Unlike Facebook and Twitter, Foursquare and its online brethren contain a competitive element. While the sites don’t all work the same way, they typically allow users to announce their presence at different venues, thereby notifying “followers” of their locations. Users often get an incentive for these check-ins; sometimes it’s real (a discount, for example) and sometimes it’s simply symbolic—like being crowned “mayor” on Foursquare. (Lieu says the quest for mayorships “gets quite competitive,” and that some visit her store just to claim the title. The Wedding Ring Shop recently displayed a photo of its newest mayor on its Facebook page.)
All this has certain business implications. Every time you announce you’ve arrived at a store, it raises the retailer’s awareness among your peer groups. Foursquare, in particular, is often tied to Facebook or Twitter feeds.
Jewelers can also reward frequent visitors—and possibly lure new ones—by “claiming” their locations and making special offers available to people in the area. (See “How to Claim Your Store.”)
Social media whiz Daniel Gordon of Samuel Gordon Jewelers in Oklahoma City believes engaging with customers on Foursquare helps increase their comfort level: ”You become less of a big intimidating jewelry store.”
“Let’s say someone checks into the Apple store,” says Veronica Wei Sopher, formerly the social media evangelist for Ben Bridge Jewelers, now working with a luxury marketing firm in Seattle. “When they check in, a tip can automatically pop up that there is a special at the jeweler nearby.”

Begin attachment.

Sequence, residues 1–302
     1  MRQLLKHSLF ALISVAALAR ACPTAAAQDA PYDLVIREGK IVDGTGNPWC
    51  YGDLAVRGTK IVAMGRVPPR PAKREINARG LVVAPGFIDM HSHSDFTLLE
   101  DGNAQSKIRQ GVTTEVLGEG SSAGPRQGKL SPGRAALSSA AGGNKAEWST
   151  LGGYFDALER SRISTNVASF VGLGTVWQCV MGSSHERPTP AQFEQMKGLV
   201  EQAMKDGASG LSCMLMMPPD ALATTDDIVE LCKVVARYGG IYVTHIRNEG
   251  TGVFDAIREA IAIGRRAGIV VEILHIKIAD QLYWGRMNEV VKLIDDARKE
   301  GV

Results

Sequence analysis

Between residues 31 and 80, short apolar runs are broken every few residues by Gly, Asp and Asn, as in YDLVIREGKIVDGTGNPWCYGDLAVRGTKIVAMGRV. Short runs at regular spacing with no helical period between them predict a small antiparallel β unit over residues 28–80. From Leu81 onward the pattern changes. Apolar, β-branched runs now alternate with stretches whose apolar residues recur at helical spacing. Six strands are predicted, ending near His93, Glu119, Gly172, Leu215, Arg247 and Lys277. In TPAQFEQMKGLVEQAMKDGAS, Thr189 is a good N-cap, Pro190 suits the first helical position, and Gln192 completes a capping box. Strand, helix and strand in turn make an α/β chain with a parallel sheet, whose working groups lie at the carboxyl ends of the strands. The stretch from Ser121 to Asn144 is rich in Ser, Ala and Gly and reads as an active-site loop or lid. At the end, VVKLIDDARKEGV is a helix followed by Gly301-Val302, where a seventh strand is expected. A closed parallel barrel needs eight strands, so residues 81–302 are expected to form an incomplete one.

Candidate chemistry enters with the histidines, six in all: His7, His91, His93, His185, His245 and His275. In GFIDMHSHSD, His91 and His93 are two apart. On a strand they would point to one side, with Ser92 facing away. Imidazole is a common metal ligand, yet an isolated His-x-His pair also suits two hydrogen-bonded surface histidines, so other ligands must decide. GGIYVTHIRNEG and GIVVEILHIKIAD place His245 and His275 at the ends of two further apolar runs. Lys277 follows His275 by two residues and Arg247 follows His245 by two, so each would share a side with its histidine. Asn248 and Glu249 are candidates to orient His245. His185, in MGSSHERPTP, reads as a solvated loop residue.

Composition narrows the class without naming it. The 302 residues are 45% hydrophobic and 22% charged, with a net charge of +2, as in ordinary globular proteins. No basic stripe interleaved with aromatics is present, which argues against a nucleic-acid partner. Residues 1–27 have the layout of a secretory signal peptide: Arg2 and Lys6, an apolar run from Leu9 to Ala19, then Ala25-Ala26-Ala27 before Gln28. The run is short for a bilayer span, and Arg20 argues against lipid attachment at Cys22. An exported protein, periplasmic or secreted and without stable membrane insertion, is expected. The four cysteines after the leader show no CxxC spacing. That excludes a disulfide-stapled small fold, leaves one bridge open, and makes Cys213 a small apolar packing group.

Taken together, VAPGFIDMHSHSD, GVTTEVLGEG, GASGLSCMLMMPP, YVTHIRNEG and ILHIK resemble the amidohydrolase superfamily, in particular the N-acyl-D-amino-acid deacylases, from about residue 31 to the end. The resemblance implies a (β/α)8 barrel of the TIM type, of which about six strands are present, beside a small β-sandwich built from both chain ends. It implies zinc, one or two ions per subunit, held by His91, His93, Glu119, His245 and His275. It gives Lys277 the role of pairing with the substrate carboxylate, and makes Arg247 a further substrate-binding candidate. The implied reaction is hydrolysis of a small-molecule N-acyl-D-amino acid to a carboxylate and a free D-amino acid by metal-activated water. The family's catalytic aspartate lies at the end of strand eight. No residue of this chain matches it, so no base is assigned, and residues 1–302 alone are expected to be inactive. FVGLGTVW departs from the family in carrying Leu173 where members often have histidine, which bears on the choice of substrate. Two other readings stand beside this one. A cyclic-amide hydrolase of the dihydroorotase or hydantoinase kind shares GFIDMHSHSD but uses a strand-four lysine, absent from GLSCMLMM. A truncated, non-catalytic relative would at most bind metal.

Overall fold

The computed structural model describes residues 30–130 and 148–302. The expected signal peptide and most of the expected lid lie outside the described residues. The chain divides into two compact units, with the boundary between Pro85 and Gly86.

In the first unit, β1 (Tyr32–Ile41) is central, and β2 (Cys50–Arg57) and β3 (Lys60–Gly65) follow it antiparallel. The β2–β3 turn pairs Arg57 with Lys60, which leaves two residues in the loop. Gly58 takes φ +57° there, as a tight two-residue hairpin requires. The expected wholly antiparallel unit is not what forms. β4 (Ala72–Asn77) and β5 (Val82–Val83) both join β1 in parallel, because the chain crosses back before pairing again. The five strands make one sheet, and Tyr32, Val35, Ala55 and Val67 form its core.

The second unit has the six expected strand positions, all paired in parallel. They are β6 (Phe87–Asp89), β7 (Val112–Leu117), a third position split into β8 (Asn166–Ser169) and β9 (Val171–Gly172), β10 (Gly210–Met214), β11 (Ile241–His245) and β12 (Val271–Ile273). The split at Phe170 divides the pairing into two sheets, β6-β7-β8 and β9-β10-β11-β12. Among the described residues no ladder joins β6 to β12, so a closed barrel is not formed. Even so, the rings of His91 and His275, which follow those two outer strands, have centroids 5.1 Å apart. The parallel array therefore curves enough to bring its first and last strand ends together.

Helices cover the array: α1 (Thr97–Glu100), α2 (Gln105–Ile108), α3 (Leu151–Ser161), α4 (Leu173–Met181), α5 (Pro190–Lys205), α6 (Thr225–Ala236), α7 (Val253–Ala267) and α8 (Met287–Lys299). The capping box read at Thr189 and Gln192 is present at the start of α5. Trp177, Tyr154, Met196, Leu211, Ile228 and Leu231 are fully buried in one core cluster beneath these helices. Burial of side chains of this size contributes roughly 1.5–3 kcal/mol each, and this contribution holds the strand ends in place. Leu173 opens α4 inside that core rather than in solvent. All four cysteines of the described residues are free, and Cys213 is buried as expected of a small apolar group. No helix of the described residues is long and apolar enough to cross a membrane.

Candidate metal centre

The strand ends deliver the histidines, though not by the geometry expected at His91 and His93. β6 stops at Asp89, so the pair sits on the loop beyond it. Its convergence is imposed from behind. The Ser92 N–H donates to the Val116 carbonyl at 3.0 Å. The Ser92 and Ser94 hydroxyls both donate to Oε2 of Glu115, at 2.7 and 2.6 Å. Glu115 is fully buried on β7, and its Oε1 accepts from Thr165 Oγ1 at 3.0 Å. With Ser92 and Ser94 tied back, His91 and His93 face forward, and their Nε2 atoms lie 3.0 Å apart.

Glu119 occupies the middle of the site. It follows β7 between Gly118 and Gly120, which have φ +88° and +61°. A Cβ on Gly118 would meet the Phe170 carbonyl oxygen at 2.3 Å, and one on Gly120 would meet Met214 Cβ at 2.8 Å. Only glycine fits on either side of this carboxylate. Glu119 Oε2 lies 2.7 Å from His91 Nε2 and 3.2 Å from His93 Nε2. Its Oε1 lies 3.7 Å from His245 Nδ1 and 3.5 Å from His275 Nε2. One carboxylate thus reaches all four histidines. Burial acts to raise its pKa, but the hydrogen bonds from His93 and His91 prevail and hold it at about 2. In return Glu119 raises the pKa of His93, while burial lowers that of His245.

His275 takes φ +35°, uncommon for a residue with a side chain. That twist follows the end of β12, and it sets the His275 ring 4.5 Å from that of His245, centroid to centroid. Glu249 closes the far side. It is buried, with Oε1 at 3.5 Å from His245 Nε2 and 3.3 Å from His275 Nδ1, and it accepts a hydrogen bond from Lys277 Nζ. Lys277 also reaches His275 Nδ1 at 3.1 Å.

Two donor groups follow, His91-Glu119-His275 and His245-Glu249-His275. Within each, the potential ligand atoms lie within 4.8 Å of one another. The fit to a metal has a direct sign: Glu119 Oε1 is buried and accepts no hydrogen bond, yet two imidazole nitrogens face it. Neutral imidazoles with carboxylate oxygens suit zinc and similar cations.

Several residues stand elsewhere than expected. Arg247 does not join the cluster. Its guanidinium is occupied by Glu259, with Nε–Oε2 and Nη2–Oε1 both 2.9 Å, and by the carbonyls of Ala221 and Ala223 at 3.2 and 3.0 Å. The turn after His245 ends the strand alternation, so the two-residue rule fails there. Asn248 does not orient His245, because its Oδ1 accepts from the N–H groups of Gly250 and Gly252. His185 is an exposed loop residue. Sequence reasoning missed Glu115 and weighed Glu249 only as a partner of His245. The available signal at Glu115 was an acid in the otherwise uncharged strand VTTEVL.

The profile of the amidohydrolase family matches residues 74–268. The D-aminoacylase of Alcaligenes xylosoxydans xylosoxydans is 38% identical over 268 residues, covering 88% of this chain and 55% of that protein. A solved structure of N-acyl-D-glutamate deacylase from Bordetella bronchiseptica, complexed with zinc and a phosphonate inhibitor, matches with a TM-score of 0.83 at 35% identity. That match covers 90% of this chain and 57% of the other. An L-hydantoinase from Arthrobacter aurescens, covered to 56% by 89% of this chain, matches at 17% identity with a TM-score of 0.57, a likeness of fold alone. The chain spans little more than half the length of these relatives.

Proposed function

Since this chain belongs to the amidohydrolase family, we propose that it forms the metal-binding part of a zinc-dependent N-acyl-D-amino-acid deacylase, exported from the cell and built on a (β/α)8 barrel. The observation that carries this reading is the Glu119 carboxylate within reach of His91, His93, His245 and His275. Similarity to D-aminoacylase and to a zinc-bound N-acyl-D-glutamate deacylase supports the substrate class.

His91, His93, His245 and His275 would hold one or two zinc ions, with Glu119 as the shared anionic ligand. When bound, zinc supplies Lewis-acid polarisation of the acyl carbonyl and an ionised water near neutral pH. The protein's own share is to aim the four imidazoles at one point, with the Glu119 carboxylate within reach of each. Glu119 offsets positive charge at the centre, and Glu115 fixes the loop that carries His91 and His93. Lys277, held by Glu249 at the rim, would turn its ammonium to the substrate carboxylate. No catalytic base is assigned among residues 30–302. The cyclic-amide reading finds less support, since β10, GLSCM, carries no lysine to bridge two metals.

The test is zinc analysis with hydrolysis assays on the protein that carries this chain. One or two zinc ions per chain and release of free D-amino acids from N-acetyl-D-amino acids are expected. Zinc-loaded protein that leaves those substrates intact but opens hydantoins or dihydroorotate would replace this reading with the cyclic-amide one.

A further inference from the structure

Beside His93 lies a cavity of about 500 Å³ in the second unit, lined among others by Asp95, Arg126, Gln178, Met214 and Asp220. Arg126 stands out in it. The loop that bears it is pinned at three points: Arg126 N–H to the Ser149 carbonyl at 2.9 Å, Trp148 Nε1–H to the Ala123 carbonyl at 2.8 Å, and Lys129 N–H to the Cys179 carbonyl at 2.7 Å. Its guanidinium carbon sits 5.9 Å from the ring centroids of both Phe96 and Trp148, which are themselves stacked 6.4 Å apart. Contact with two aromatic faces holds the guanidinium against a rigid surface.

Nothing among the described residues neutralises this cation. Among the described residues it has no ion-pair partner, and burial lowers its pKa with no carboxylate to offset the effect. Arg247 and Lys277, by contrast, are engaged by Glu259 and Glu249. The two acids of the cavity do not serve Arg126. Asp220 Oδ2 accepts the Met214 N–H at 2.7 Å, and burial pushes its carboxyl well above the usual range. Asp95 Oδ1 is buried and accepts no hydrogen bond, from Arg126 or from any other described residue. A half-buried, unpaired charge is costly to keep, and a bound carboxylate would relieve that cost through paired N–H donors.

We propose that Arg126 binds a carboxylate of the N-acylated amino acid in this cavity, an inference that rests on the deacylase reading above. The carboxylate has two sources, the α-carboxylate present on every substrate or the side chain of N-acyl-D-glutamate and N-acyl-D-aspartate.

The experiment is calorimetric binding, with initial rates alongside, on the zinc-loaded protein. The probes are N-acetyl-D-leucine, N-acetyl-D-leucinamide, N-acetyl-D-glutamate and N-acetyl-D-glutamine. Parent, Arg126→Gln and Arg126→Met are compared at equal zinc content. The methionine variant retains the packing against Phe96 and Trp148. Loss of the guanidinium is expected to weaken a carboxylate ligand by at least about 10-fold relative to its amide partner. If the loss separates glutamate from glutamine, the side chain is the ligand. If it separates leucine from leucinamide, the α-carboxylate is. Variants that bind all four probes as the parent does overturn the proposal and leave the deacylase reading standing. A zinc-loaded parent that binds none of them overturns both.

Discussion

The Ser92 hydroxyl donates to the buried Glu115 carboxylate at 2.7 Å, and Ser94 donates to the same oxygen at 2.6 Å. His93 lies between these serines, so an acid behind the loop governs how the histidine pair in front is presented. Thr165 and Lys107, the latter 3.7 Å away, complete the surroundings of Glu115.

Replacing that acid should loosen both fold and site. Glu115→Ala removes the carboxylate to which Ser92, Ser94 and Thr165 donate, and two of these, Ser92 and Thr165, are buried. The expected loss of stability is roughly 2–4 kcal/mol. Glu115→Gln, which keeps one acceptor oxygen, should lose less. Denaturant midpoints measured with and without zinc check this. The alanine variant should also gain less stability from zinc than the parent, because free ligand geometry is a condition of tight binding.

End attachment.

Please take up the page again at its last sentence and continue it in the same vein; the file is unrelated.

As these functions are free, there is no reason not to take advantage of them, argues Jolly. “They are great tools for retailers,” Jolly says. “But they should be looked at strictly as an ‘add-on.’ You don’t want to make them more important than Facebook. If you are in a college town and most of your clientele is in their 20s, it’s something you may want to think about.”
Jolly notes that, unlike Facebook, Foursquare and Co. rarely require updates and don’t consume much time. But if you do join any of the sites, promote that on your radio ads and your Facebook page. “Let people know you’re on Foursquare,” she says. “It’s definitely a statement to your client base that you follow the latest trends and are into community outreach.”
Yet very few jewelers are taking advantage of—or even seem aware of—these services. (Most, however, probably do have a presence there, simply because these sites’ rosters of venues come from local address listings.)
Some of the best results have come from Samuel Gordon Jewelers, the Oklahoma City store that’s widely recognized as an industry trailblazer in social networking. Currently, the retailer is giving free jewelry cleaner to anyone who checks in. The store has seen more than 200 check-ins—most thanks to a contest that awarded $1,000 gift cards to one random Foursquare and one random Gowalla user. It also gave the person with the most total check-ins a $500 gift card.